I was a little girl when we hosted the first Alcatraz Canoe Journey, the one before the pandemic, when the island was still a place where tourists paid money for tickets and a boat ride so they could walk around a prison where people who were famous for the bad things they did were kept in cages so small I wouldn’t leave a dog in there. Not even for an hour. Those tourists never knew what the Bay’s first people, the Ohlone, do: that Alcatraz was where spirits gather before passing through the Golden Gate into the beyond.
We brought Canoe Journey to Alcatraz and the Bay so people would know the history of the island, how it is the birthplace of the modern Indigenous rights movement. We did it hoping more good things would come for our people and the planet — simple changes like access to the Bay for Indigenous youth, and bigger transformations like making the Bay’s first people visible, centering Indigenous values and protecting Mother Earth.
I remember the morning of Indigenous Peoples’ Day 2019 like it was yesterday. That was when some of the parking meters still listed the holiday as Columbus Day, and there were still parking meters.
My dad and I got up at three, long before the birds, when the un-housed are the only ones out on Oakland’s streets. The ferry over to the island for Sunrise Ceremony was packed. A trio of hand drummers belted out the Women Warrior’s song. People were greeting old friends, smiling and hugging everywhere you looked. Little kids were running around underfoot. The line for the concession was longer than the ride over and back. Luckily, we got there early, so Dad had a coffee, and I had a hot chocolate with extra whipped cream. He carried the drum. I carried the blanket. Actually, I wrapped myself in the blanket because back then the island made me feel cold, inside and out. It was more than the chill in the air that’s present when the sun is still waking up. It was more than the wind off the water that blows hard around dawn on the Bay. It was a cold borne on the breath of souls trapped on the island. Even though the doors to their cells were no longer locked, those souls were still suffering, waiting to pass through the Gate and into the beyond.
The fire for the Sunrise Ceremony is on the south side of the island, around the back. We gather there twice every year, once in October for Indigenous Peoples’ Day and again in November for un-Thanksgiving. Dad sang a lot that morning, and I sang a little. It was so early. I was just seven, and I didn’t feel like making noise, just listening. As the sun rose, I could see cormorants flying away from the island as canoes headed toward it. There were so many canoes, so many people in regalia. Each canoe felt like a promise. I counted them over and over again. It was beautiful, and I was impatient to feel the water on my paddle.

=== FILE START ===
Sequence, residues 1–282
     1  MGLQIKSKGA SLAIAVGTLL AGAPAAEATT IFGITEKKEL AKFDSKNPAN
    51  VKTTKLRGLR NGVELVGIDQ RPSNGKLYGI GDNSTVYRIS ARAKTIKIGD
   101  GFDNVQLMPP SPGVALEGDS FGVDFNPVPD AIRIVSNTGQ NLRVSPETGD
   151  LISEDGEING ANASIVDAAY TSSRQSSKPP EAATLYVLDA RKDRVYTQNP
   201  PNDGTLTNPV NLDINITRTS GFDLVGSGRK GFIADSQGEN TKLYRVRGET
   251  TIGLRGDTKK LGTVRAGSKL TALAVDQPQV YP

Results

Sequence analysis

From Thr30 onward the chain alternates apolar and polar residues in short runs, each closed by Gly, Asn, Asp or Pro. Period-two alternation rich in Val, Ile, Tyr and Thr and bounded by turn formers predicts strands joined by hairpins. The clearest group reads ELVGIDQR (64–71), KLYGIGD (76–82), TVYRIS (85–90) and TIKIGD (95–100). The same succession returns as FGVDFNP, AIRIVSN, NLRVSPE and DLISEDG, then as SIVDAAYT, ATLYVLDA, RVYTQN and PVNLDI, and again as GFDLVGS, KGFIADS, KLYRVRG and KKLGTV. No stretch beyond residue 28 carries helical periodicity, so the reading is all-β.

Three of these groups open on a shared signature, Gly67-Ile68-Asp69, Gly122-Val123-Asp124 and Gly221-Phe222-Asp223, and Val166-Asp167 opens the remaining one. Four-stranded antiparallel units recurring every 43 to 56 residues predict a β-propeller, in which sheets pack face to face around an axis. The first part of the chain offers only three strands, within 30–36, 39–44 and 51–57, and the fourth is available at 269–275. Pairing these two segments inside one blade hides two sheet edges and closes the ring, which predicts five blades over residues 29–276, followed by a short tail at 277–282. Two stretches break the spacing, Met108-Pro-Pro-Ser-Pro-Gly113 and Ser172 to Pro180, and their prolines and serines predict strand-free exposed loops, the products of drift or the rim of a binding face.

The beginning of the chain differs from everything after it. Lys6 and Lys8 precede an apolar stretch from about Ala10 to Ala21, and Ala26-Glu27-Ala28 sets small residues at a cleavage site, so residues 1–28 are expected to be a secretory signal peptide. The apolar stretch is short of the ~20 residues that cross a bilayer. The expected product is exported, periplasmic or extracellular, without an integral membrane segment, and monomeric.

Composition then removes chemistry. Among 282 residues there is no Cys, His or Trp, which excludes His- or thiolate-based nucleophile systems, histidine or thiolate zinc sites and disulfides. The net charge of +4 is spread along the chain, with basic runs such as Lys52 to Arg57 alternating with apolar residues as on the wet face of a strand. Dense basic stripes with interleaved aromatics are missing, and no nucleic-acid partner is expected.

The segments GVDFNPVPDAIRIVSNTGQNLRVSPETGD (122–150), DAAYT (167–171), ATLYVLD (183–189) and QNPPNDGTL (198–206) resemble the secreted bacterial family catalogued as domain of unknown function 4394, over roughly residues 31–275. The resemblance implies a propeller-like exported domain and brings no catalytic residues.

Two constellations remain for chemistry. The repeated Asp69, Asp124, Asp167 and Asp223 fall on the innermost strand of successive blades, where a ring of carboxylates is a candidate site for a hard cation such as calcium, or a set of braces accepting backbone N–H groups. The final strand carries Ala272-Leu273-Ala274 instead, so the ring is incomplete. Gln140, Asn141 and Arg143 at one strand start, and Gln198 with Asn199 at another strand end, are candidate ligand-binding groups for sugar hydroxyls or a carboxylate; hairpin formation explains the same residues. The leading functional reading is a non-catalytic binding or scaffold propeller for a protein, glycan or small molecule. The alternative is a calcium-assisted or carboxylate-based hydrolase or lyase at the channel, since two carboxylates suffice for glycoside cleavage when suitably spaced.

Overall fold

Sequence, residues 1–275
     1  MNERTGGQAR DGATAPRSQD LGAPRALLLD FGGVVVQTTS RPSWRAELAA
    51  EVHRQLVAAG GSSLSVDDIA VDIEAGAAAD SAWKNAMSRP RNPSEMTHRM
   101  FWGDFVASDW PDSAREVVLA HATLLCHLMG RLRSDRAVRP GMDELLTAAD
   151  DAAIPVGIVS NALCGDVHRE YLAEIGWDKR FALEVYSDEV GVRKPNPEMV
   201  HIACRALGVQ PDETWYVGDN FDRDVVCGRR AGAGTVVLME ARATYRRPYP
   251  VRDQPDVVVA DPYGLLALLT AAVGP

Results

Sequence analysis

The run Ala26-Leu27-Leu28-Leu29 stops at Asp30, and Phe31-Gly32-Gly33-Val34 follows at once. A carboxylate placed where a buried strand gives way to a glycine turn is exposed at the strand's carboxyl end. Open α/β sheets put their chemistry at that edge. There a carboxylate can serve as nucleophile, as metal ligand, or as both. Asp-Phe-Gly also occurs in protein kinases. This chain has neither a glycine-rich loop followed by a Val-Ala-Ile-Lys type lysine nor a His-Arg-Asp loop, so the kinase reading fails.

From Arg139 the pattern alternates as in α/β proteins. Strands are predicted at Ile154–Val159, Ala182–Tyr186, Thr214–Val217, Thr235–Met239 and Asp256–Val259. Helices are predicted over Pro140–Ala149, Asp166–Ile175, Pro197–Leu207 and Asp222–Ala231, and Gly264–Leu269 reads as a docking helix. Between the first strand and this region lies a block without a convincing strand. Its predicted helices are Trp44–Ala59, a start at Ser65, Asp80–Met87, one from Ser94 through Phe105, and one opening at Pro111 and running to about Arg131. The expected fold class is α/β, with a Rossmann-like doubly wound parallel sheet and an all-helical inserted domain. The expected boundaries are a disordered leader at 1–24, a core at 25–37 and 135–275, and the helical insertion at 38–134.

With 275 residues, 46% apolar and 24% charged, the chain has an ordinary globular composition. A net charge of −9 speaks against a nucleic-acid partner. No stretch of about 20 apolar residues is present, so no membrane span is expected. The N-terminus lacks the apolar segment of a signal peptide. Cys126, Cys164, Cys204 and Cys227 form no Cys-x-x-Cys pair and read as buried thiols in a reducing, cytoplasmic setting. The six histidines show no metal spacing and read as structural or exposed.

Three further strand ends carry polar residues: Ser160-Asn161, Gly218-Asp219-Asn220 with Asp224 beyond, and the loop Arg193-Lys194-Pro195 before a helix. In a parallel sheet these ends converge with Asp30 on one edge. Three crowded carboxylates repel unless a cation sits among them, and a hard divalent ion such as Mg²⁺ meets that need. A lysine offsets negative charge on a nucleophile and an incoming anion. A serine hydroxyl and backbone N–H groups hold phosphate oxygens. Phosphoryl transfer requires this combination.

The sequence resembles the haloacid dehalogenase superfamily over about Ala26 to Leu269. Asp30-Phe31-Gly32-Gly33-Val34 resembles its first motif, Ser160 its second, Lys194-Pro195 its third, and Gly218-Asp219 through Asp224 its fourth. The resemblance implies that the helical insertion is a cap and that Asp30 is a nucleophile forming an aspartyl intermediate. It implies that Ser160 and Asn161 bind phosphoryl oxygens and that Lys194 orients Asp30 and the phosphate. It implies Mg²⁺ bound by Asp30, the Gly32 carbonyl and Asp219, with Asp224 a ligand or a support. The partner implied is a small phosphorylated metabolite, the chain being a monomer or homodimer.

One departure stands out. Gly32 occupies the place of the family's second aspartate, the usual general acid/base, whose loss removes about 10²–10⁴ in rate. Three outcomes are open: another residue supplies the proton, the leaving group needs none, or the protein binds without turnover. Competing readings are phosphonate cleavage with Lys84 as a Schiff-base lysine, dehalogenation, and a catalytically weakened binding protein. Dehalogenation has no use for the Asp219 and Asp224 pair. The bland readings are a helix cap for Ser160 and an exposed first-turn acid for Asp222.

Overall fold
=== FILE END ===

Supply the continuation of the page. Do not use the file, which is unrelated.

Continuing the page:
It wasn’t easy getting Dad out of there. One person or another is always stopping him to say something that must be important to someone (not me). But we really needed to make it onto the first ferry back to the city. We’d been practicing for months. He was skipper. I was crew. And we were taking our canoe out on the Bay, over to the island as part of the first Alcatraz Canoe Journey.
I don’t want to tell you how he drove along the Embarcadero from the Pier to Aquatic Park. Let’s just say it wasn’t pretty. I remember thinking it might have been good to be back in a car seat for safety’s sake. But we made it, and in a way, our timing was perfect.
We were one of the last canoes on the beach to launch, which meant we went out right beside the Tule canoe — the first one on the Bay for as long as anyone could remember. Our Ohlone Grandmother, Ruth Orta, blessed our canoe to ensure a safe journey. It gave me a certain feeling that I still get sometimes, like pride but different because it’s about more than just me.
To set the record straight, I wasn’t the only one on crew. There were four of us kids in the canoe plus my dad. We took every stroke that morning together, counting off twelve pulls then switching sides and starting our count over again. Each pull was like brushing a mermaid’s hair, smoothing it out for a perfect fishtail braid. The Bay sparkled all around us like beads in sunshine. The water on my paddle reminded me of the strength in my body and the determination in my heart. Water is life. There is no doubt about that. Together, the five of us made it all the way around the island — through the choppy shipping lane between the island and the beach, through the quiet spot where the ferry snuggles into its dock, and through the waters full of promise where you can see and smell the open ocean roaring outside the Golden Gate — and back to the beach at Aquatic Park.